RÓT by FYLGDU MÉR

ESSAY

Things Awakened by Pottery

It is a place that transcends the events of history; a place where the subconscious is culminated.
A collective conscious exists far beyond the atman, and whilst it does not ordinarily emerge upon the wreath of recognition, there are times when encounters with things act as an opportunity to remind one of this realm of the conscious within the subconscious. There the objects that perform as tools that serve the body and the mind are inverted, in turn becoming a key that opens the door on to the other world.
Are not floating bodies of subconscious trying to evoke something or another through our sensations of touch and vision? I feel that peoples’ conscious of fear and admiration towards entities of the sublime are beginning to possess a new meaning.
Newspaper of Kogei Tathata Apr. 2015 vol.1 Naoto Ishii [The Unseen Aspects of Kogei] (Dokkatouyu/Gallery Hakuden)

Countertop with Distorted Tiles

An iconic object of the FYLGDU MÉR OSAKA restaurant is the large-sized counter, covered with square ceramic tiles. Exhibiting traces of a blazing fire, the unglazed ceramic tiles are all unique due to the intense heat —some are warped and some are wavy. Created by soil, water, and fire blended with the human spirit, the ceramic tiles appear to be the fruitions of never-changing beauty and strength since ancient times.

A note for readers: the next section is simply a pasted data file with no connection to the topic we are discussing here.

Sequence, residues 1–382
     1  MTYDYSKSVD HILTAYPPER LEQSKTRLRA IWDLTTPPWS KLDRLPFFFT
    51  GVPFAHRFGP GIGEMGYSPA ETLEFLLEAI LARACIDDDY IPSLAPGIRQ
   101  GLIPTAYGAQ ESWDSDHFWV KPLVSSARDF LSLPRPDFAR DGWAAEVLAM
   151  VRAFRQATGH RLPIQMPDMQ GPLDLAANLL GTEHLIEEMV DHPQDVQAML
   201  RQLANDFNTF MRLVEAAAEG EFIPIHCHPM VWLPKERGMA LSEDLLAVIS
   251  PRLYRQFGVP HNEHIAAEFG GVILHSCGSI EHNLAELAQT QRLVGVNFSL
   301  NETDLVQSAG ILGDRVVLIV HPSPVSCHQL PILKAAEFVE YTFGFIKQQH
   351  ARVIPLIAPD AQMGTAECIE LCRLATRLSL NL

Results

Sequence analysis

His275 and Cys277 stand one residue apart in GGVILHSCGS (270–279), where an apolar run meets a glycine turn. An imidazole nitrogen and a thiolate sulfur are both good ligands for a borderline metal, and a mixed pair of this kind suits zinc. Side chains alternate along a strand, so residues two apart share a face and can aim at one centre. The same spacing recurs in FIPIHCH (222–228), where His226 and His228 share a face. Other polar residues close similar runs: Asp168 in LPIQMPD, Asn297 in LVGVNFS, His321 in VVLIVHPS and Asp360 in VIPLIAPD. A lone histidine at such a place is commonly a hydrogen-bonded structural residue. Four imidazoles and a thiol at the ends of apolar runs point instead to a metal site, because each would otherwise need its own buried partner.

When Teruhiro Yanagihara, the creative director of FYLGDU MÉR, was working on the design of the Osaka shop, he happened to see several ceramic tiles at the atelier of Naoto Ishii—his close friend and a potter—in Kyotamba Town in Kyoto; and came up with the idea of putting the tiles on the counter. The ceramic tiles used for the counter—what Ishii calls the “distorted tiles”—were fired in a kiln that has been used for many years. The very first firing of a newly built kiln is called "hatsugama". Ceramic tiles fired at the time of hatsugama of Ishii’s ascending kiln (Noborigama) used to be smooth and handsomely shaped. They were used for a kitchen in the house of Ishii’s friend in Kyoto City; a restaurant kitchen; a foyer; and other places. “Distortion cannot be avoided because of the many pieces stuck inside of my kiln today (after so many years of use).” Ishii thinks the creation of pottery is an inevitable result—neither right nor wrong—in which soil, fire, and kiln give rise to the pottery as a result of many actions beyond the human imagination.